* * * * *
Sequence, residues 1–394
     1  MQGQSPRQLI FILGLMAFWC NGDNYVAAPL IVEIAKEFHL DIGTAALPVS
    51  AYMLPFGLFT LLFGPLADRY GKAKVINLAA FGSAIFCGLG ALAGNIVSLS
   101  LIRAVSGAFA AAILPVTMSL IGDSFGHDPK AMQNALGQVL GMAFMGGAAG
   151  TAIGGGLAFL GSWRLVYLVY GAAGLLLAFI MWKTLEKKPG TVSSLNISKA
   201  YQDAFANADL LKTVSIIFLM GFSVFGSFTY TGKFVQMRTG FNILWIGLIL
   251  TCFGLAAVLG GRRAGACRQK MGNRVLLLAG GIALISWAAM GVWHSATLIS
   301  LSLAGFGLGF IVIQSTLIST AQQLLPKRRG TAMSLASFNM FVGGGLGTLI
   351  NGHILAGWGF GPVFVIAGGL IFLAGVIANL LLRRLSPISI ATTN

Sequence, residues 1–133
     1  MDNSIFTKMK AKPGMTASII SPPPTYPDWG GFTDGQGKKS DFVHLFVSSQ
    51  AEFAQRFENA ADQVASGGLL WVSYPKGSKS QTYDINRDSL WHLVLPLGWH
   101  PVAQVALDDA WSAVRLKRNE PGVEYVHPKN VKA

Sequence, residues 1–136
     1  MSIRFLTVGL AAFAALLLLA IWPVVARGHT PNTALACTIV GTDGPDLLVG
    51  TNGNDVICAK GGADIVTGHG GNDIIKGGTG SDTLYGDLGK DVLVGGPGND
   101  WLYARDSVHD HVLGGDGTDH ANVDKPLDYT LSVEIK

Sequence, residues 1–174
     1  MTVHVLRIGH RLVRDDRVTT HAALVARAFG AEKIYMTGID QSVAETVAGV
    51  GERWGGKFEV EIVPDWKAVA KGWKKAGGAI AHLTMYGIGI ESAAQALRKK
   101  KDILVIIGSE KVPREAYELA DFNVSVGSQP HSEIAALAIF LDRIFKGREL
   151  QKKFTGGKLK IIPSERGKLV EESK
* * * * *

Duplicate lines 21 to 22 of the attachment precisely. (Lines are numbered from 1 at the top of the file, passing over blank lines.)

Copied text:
   101  KDILVIIGSE KVPREAYELA DFNVSVGSQP HSEIAALAIF LDRIFKGREL
   151  QKKFTGGKLK IIPSERGKLV EESK